Trusting God for the Journey
A profile of church planter J.J. Vasquez
When J.J. Vasquez and his wife, Liz, sensed God calling them to leave their church staff positions and plant a church in Winter Park, Florida, they obeyed, even registering right away for a church planting conference.
The week of the conference, they discovered more life changes were on the way: Liz was pregnant with their third child. However, the couple's elation turned to sorrow when they later learned during a doctor’s visit that their unborn child’s kidneys were not forming.
“You guys are in for a journey,” the nurse told them sadly.
The couple prayed for God to heal their son, but the infant died a few hours after delivery in August 2015.
As J.J. and Liz worked through their grief, they blogged about trusting God in difficult times. They realized God was using their loss for His glory when a woman who read the posts wrote to tell them she had decided not to abort her baby.
“We selected the name Journey Church from that experience — out of recognizing the ability of our journey to impact someone else’s life in a positive way,” J.J. Vasquez says. “God can turn a dark, pain-filled place into someone else’s hope and miracle. That has been at the center of every sermon I preach.”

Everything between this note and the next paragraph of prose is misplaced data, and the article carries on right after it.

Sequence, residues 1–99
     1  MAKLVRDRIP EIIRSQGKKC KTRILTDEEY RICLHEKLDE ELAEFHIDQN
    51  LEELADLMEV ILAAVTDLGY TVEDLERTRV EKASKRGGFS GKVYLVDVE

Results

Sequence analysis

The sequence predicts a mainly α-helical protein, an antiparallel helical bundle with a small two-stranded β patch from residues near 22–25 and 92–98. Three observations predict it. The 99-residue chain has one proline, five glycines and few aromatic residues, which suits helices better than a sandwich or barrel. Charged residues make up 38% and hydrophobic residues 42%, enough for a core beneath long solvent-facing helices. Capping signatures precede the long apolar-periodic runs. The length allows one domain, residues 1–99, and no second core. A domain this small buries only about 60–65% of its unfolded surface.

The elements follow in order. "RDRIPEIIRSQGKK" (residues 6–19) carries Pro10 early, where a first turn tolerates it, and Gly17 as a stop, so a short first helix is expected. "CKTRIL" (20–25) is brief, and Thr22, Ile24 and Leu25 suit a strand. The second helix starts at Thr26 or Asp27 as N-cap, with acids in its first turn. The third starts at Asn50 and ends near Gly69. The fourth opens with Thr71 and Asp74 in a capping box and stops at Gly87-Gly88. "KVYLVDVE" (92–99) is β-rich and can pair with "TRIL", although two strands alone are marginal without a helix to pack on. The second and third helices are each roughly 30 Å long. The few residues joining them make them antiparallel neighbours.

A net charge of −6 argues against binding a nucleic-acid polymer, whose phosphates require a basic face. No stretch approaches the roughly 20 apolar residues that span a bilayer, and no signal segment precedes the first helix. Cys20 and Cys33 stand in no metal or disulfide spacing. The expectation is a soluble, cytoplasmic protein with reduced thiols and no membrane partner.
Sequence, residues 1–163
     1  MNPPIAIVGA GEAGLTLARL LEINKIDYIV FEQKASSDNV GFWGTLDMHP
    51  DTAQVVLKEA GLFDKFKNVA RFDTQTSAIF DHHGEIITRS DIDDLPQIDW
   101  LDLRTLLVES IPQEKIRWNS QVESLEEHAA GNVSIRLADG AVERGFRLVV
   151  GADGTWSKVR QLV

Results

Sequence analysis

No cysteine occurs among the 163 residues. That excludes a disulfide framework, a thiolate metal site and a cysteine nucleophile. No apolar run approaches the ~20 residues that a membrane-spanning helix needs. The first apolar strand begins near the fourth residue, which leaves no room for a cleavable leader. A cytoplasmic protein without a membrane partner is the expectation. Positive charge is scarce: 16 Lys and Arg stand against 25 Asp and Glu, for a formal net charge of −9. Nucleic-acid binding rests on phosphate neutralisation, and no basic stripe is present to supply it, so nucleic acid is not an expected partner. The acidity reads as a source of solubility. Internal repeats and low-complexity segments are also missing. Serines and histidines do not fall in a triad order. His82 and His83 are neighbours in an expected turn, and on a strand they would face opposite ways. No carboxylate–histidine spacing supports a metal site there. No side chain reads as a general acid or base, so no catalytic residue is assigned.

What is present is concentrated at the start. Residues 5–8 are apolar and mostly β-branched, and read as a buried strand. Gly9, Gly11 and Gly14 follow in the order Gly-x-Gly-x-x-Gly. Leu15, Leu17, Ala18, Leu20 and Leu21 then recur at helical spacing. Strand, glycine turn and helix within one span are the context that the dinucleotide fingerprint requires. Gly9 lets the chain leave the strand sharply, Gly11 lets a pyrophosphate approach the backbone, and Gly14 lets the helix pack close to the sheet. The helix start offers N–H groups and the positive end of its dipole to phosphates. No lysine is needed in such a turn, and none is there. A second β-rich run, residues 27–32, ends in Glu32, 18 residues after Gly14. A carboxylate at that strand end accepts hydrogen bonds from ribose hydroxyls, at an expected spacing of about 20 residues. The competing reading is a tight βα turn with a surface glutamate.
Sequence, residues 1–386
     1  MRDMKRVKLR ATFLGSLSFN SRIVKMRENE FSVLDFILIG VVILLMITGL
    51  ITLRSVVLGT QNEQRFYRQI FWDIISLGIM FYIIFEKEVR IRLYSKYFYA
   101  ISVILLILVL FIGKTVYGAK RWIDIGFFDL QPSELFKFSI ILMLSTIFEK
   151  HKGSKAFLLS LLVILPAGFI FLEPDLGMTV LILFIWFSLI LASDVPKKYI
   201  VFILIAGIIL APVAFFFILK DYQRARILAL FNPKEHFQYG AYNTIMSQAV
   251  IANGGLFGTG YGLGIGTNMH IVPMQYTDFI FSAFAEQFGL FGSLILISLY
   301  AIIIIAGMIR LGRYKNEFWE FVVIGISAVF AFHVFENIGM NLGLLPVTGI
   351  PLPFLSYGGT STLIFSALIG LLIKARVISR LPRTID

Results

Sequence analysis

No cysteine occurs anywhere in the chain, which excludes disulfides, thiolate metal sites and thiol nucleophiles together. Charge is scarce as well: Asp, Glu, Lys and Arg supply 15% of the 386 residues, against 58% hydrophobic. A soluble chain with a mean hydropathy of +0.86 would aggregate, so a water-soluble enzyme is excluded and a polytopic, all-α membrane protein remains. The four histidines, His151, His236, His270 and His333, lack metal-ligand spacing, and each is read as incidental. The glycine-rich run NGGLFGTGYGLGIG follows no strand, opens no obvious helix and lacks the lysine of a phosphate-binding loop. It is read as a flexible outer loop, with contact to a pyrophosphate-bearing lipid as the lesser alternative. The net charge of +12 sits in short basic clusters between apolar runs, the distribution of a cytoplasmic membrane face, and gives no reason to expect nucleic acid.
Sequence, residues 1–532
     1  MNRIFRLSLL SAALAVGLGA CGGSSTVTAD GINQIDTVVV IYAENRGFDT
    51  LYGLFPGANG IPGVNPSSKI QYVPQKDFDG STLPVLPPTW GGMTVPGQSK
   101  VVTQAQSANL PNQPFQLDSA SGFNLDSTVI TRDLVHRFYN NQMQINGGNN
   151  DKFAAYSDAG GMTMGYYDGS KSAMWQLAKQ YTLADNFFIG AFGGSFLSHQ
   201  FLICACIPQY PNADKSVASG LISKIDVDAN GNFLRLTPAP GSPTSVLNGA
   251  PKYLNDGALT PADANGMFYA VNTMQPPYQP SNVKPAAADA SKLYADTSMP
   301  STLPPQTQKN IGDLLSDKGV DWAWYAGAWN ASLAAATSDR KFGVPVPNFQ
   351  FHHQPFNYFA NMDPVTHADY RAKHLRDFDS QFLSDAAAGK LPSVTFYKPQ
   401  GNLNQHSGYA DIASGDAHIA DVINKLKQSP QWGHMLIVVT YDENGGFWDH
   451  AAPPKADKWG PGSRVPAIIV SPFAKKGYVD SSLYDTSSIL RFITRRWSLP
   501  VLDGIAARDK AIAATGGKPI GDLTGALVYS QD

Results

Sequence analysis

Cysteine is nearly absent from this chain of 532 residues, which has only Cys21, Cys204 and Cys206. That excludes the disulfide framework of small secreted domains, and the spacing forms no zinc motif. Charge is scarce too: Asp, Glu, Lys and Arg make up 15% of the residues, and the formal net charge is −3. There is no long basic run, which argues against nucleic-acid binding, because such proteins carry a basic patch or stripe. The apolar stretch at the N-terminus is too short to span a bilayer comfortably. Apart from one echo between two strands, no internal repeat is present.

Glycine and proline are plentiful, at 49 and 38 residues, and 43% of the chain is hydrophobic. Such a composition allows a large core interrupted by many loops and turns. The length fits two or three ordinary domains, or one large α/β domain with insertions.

“From beginning to end, it’s been a complete God journey.” — J.J. Vasquez
The church planting journey has been a walk of faith in other respects as well. With little outside funding, J.J. and Liz left their jobs, sold their house, tapped their savings, and followed where God was leading. From June 2016 to February 2017, they lived without a salary.
Yet J.J. and Liz experienced provision in unexpected ways, such as selling their home in four days for $5,000 above the asking price.
“From beginning to end, it’s been a complete God journey,” Vasquez says.
Though the young Hispanic ministers initially wondered whether they would connect with the predominantly white, affluent, middle-aged residents of Winter Park, the couple trusted God with their ministry as well.
“Our skin color didn’t match, and our age demographic didn’t match,” Vasquez says. “We don’t blend in, but we’ve learned that loving people is the universal language and culture.”
Vasquez says the differences have proven beneficial, both for stretching him and for attracting interest. In fact, when he tried toning back his exuberant preaching style to fit in with the region’s more subdued church culture, he noticed a decline in attendance.
“I felt God was telling me to be myself,” Vasquez says. “I went back to who I was as a communicator and began to see attendance climb. At the end of the day, I’ve got to be me.”
Vasquez says successful church planting doesn’t depend on a program, presentation or personality anyway. And it certainly doesn’t depend on perfect circumstances. It’s about remaining faithful, genuine and focused on Jesus — and trusting God for every step of the journey.
This article originally appeared in the August/September 2017 edition of Influence magazine.